Charlene Hiller and David Little are featured in Lexpert discussing the unpredictable costs arising from collaborative procurement models gaining appeal in Canadian infrastructure, while the market continues to grapple with uncertainties, from labour shortages, COVID-related delays and volatile commodity prices to supply-chain issues.
Charlene says there has been significant spending on infrastructure in the last few years in British Columbia and Alberta but in British Columbia, a worker and skills deficit is bringing about one-bidder procurements and “a lot of procurement alternatives.”
“There’s a huge labour shortage,” says Charlene. “We have a lot of retirements, which also means that the level of seniority in these projects is dropping in age.” She adds that the tight labour market and declining seniority on projects are just some of the factors creating delays.
“We had those floods in BC last summer. We’ve had fires,” she says. “Sounds very biblical, but it all causes quite a bit of delay. Climate change is becoming a real issue for projects in BC.”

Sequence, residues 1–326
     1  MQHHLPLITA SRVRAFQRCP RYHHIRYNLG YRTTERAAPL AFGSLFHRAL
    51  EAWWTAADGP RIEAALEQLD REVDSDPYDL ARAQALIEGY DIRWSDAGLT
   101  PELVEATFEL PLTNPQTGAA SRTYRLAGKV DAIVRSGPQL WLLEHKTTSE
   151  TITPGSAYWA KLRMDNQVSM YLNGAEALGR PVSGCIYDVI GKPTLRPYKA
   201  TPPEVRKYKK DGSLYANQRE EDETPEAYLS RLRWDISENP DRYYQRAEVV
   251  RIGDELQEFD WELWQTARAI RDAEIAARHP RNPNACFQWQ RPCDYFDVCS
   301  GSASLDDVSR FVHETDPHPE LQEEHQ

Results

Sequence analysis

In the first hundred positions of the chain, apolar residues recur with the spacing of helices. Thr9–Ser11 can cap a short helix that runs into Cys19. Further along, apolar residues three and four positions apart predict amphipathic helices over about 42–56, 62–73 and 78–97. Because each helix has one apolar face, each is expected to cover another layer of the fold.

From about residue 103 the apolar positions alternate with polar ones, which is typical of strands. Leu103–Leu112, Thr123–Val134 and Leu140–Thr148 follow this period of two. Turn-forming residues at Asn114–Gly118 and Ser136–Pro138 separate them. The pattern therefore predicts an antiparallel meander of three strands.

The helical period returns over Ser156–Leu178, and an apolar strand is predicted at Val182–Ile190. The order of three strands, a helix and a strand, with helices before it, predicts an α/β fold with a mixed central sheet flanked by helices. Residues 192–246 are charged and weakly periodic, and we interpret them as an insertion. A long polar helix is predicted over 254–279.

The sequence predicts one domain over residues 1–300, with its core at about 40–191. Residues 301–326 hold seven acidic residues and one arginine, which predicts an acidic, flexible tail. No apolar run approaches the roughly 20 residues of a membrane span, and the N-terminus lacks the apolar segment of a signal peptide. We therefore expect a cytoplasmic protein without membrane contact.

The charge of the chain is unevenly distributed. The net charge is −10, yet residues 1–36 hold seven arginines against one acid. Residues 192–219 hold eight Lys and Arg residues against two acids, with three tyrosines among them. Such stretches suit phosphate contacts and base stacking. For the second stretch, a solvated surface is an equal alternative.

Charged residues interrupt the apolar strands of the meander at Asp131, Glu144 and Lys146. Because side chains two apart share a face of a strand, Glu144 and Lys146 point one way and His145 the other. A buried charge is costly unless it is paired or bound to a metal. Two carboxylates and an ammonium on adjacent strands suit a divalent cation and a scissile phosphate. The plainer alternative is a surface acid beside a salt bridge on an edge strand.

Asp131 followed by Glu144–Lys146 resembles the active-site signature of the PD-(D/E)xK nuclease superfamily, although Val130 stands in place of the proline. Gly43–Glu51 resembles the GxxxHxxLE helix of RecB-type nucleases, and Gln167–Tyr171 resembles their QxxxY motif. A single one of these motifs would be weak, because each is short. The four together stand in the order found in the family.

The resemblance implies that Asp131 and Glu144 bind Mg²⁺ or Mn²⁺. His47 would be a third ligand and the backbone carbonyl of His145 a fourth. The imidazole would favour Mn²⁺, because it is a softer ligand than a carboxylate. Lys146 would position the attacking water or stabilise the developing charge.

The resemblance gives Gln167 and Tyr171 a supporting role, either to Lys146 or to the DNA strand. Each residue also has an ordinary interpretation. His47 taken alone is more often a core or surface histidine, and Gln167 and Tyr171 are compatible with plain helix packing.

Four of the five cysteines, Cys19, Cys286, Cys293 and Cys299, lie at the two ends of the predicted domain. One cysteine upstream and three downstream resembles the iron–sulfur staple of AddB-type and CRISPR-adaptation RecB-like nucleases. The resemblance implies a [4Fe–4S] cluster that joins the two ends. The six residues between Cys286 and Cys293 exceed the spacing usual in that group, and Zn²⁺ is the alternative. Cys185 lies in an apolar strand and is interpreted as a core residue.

David says he has seen trends similar to those occurring now—occasional spikes in inflation, labour shortages in various parts of the country—but now, the “pace of change is so high,” he says. “We’ve got the pandemic. We’ve got supply-chain disruption. We’ve got the impact of climate change, like floods.… Now the costs are so unpredictable and clearly rising,” he says, echoing Charlene.
Read the full article on the Lexpert website.